6 min read

I'm Going to Share my Secret to Success

This simple concept explains why the world is divided into an elite one percent, a highly effective 10 percent, and everyone else.
Dark wall with a dark door opening onto a vivid red background
Photo by Dima Pechurin on Unsplash

Greetings friends.

Why should I spill the secret? Aren't I afraid of making my odds worse if I help you compete better?

To be honest, I had already considered myself successful in life for several reasons. But it wasn't until I reread The Prince and saw from Machiavelli's definition that I am, in fact, unusually successful, and here's why.

How does Machiavelli divide up the world?

I consider Machiavelli to be the ultimate pragmatist. He focused on what makes a ruler successful and why it works. He also looked at the flip side: common reasons for rulers' failures. That's pretty much it.

Machiavelli came under criticism for his ruthlessly honest advice. He described successful approaches without regard to whether they were harsh or immoral. He was uninterested in ineffective conventional wisdom. Machiavelli's test was "Does it work?".

In describing rulers and their advisers, Machiavelli said this:

There are actually three kinds of mind: one grasps things unaided, the second sees what another has grasped, and the third grasps nothing and sees nothing.
This simple concept explains why the world is divided into an elite one percent, a highly effective 10 percent, and everyone else.

Only a tiny percentage of people are novel thinkers with great ideas. The next group can distinguish between great ideas and everything else; i.e., they can tell good advice from bad advice. The final group is neither original nor discerning in their thinking – they are forever prone to making mistakes because they don't recognize or follow good advice.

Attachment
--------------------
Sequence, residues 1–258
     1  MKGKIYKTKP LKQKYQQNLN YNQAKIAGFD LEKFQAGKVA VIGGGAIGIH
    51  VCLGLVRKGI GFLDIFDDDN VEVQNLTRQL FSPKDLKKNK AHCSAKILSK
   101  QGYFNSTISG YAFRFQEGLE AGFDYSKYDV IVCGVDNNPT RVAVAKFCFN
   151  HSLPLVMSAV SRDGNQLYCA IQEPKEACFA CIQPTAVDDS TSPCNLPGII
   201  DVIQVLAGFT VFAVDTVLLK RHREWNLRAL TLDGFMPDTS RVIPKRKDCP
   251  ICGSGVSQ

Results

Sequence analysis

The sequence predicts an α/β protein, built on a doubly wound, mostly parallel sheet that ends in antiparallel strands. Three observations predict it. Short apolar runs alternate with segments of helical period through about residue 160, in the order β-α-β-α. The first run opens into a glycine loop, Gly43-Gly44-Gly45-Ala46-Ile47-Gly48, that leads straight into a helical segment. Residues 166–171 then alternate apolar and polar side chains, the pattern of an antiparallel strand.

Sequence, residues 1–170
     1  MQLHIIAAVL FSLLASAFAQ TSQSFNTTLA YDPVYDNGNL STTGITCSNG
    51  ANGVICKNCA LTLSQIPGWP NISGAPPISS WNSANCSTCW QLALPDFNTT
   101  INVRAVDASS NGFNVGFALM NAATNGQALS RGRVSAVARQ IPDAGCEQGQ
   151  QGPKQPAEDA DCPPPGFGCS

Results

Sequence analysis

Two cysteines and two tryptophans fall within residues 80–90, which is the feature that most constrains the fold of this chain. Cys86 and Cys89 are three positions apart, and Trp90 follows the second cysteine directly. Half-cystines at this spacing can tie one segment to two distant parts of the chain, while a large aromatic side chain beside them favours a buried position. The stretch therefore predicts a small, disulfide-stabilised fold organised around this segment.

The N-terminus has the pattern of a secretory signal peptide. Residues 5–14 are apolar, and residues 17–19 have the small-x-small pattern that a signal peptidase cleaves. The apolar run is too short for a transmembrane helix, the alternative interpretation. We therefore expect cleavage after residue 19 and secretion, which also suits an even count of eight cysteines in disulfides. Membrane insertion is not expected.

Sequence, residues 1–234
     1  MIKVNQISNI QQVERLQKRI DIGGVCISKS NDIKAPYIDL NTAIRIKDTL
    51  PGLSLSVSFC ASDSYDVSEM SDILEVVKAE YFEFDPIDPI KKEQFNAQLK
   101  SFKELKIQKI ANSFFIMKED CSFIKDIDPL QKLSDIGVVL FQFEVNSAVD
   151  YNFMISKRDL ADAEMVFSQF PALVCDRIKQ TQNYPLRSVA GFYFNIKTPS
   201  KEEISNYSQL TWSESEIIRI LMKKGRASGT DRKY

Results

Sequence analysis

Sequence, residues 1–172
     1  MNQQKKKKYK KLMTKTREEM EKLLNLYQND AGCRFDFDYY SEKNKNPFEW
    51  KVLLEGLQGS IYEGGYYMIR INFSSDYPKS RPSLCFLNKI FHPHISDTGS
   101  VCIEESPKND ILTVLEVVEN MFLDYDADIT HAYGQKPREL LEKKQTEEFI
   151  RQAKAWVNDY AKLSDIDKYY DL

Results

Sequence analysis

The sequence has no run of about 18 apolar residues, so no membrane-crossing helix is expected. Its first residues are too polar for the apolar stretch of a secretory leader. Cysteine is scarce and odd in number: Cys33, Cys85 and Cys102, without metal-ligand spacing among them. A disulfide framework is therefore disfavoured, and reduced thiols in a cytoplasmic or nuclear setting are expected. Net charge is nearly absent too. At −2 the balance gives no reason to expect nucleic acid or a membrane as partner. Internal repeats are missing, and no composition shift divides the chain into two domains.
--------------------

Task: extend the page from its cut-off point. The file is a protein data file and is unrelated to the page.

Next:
Performance distribution showing very small number of Elites, small number of highly effective persons, and everyone else
Performance distribution - illustration by Author

Why do I think I'm uncommonly successful?

While I hate self-congratulation, it's appropriate for me to describe my credentials. After all, why should you listen to me? Evaluating credibility is an important tool for you to separate good advice from bad.

I list below areas of high performance. Each one is something to be proud of, but taken together they've made me uncommonly successful.

Piece of paper on desk showing a hand-drawn graph of improving performance (from sucking to not sucking)
Photo by Isaac Smith on Unsplash

1. I obtained advanced degrees

I am in the less than 15% of Americans who have an advanced degree, with both a law degree and a business degree. Although these two degrees traditionally take five years to complete, I completed both in three years, graduating in the top 5% and top 1% of my classes.

2. I have great professional experience

I am in the tiny minority of lawyers who have served as General Counsel of S&P 500 public companies. I started in the role at age 30, decades younger than the average age.

I volunteered for most of my career with the Association of Corporate Counsel, the world's largest association of in-house counsel, eventually serving as President of the Association of Corporate Counsel Europe.

I teach at the University of Zurich and I write the weekly Career Path column for the ACC Docket, the magazine for in-house lawyers.

Image of ACC Docket home page showing thumbnails of several articles
Screen capture of ACC Docket

3. I earned well and made solid financial decisions

I was in the top 1% of taxpayers for many years. More importantly, I learned not to squander what was left after paying taxes. We have saved enough to put our wealth in the global top 1%.

4. I've stayed healthy and fit for years

I have never missed a day of work due to illness. In the last 20 years, I've run, walked, biked, and swum some 64,000 kilometers. I am one of the few people who ran the Zurich Marathon every year since it started.

5. I'm happy and satisfied

I've been happily married for 26 years and have two great kids. I have a smile on my face most days. I started Klugne to share ideas on how to "live a good life ... and achieve satisfaction."